CR and DR come to the rescue in emergency departments

November 9, 2005

State-of-the-art digital imaging services are being prescribed to treat a crisis of overcrowding in the nation’s emergency departments. The need for speed is a driving factor.

State-of-the-art digital imaging services are being prescribed to treat a crisis of overcrowding in the nation's emergency departments. The need for speed is a driving factor.

At a time when the number of hospital emergency departments has been cut by 12%, ED visits reached a record high of nearly 114 million, 23% higher than a decade earlier, according to 2003 data released in May by the Centers for Disease Control and Prevention.

The crisis translates into a clear need for higher patient throughput and expedited diagnosis and treatment. Computed radiography and digital radiography are two imaging tonics to help relieve overcrowded trauma bays. DR's greater speed and lower radiation doses make it the more attractive choice, but CR also has advantages, and combination systems have begun to emerge.

"The biggest trend is that most emergency departments are replacing film systems with either CR or DR systems," said Todd Minnigh, Kodak Health Group's director of marketing for the Americas.

Both CR and DR have a legitimate role in any emergency department.

"In many cases, both can rightly coexist, as each has certain advantages," said Ray Russell, executive director of marketing at Agfa Healthcare.

The primary advantage of DR is the ability to have a high-volume/throughput x-ray room centrally located. The advantages of CR are portability, 100% exam coverage (e.g., cross-table laterals), and leveraging of existing sunk costs in portable and/or stationary x-ray equipment, Russell said.

DR has other benefits as well. Amorphous selenium detectors offer a more efficient method of collecting image information and therefore can often deliver improved images and lower radiation doses than CR systems. DR systems also provide at least twice the speed and productivity of CR systems, which still require a technologist to walk cassettes to a processor.

DR systems are, however, more expensive and require installation of a new x-ray system.

"The general consensus is that DR systems are especially appropriate for ED settings and areas with extremely high patient volumes, while CR systems are best suited for general radiology, intensive care units, portable exams, and outpatient imaging centers," Minnigh said.

CR serves most general radiology exam rooms and brings digital imaging to remote locations, particularly for those facilities either wired to PACS already or positioning themselves for PACS, according to Arne Helbig, international marketing manager for Philips Medical Systems. It remains the most affordable way to convert to digital workflow.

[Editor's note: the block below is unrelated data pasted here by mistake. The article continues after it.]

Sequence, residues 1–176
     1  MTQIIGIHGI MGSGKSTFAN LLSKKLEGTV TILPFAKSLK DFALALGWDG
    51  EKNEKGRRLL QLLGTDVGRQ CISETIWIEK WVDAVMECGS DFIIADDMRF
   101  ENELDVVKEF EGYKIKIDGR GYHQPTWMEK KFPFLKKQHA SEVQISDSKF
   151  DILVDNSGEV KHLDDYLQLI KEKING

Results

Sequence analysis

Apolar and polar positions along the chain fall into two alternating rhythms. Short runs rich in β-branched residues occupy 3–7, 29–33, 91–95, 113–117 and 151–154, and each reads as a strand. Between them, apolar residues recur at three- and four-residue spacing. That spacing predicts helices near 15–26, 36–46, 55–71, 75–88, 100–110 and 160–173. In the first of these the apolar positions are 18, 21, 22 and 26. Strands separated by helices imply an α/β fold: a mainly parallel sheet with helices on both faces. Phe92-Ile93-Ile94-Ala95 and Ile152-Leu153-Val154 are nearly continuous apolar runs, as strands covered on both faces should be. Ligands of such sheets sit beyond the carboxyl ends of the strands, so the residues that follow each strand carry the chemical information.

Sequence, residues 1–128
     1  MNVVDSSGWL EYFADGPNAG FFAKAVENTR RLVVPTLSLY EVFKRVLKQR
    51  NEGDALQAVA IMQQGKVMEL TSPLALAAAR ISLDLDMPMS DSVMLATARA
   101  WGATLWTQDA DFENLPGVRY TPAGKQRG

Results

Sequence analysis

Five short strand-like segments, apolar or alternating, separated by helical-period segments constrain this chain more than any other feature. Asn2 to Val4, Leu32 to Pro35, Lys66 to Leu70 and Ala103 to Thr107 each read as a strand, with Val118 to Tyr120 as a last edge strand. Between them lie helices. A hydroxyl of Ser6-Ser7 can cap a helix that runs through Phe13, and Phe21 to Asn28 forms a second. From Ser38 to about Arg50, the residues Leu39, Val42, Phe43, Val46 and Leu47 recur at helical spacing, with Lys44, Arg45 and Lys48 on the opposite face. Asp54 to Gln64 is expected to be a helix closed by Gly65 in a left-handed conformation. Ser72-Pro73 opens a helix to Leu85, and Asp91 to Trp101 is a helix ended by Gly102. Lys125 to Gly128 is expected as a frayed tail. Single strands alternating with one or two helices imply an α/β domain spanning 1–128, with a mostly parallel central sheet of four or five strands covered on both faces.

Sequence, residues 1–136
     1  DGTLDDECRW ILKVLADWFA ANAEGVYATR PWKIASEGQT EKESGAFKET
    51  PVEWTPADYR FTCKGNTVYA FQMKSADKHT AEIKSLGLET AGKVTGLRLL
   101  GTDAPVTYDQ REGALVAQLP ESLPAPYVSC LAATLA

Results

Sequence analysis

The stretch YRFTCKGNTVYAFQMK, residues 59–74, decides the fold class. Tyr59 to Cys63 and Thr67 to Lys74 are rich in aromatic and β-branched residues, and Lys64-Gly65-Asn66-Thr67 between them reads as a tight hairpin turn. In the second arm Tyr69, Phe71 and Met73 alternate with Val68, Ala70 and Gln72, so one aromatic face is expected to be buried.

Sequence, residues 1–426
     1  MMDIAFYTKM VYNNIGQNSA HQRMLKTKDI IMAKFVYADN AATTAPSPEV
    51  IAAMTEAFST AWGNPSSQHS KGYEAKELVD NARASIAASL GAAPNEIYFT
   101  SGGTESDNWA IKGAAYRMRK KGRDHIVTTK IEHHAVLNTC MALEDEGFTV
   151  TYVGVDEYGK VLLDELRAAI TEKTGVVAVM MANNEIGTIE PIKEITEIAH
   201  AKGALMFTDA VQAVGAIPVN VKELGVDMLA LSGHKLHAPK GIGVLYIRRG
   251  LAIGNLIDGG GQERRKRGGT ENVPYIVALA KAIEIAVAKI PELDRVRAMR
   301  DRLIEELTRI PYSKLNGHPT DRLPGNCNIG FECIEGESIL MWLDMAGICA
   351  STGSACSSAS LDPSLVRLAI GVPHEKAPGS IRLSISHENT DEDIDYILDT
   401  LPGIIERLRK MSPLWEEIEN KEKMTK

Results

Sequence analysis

"CR will remain an affordable means to digitize existing radiography equipment," Helbig said.

The ED faces the need for minimal patient movement, complex projections, and decreased accessibility to the patient due to intubation, monitoring equipment, and cables. CR is sometimes used here to supplement DR, which has limitations in certain views. CR's advantage comes from its compactness and simple positioning.

While the quicker image appearance of DR is attractive in the emergency room, the superior positioning flexibility of CR cassettes makes CR the easier technology to employ there, according to Clay Larsen, vice president of marketing and development at Fujifilm Medical Systems USA. Compact, in-room readers eliminate cassette transport, so the time-to-image appearance difference is negligible.

The ideal scenario is an integrated CR-DR solution, which some manufacturers are now beginning to ship. Integrated CR-DR systems allow flexibility in selection of target receptors - DR detector or CR cassette - during the exam. Results are presented on the same back end, in the same patient folder, with virtually identical image quality.

EDs are among the first hospital areas to embrace digital imaging because of its enhanced speed and the ability to simultaneously route images to multiple locations, enabling emergency physicians to view images while consulting with remote radiologists.

"The greatest impact digital radiography has afforded us is the ability to rapidly review a study and simultaneously discuss the case with the radiologist," said Dr. L. Albert Villarin, director of medical informatics in emergency medicine at Albert Einstein Medical Center.

Prior to DR and PACS, wait times from order to film-in-hand could be as long as two to three hours, Villarin said.

One spinoff of a state-of-the-art digital imaging emergency department is techno prestige.

"The clinical driver is obviously most important, but we're also seeing increased provider satisfaction, including the ability to recruit and retain clinical staff looking to work at a cutting-edge institution," said Dr. Chris DeFlitch, director and vice chair of emergency medicine and physician champion of clinical information systems at Penn State Hershey Medical Center, site of an all-digital ED.

At the same time, DeFlitch cautioned other institutions considering similar configurations to be careful what they wish for.

"You have to know what you are getting into," he said. "You have to understand how the work gets done in your institution before you can even contemplate digital radiography or clinical information systems. They are only tools, and tools can be used or misused."

The principal lure of DR remains its speed. Near-instant imaging and faster triage, intervention, and treatment can translate into better outcomes. Procedures that once took 15 to 45 minutes can be performed in less than 10 minutes. Preliminary images are available within seconds and full-resolution DR images in as little as 35 to 45 seconds.

DR systems have also become more flexible, with detectors mounted on movable columns that can be positioned in all three dimensions. One new driver steering DR into emergency departments is its portable capability.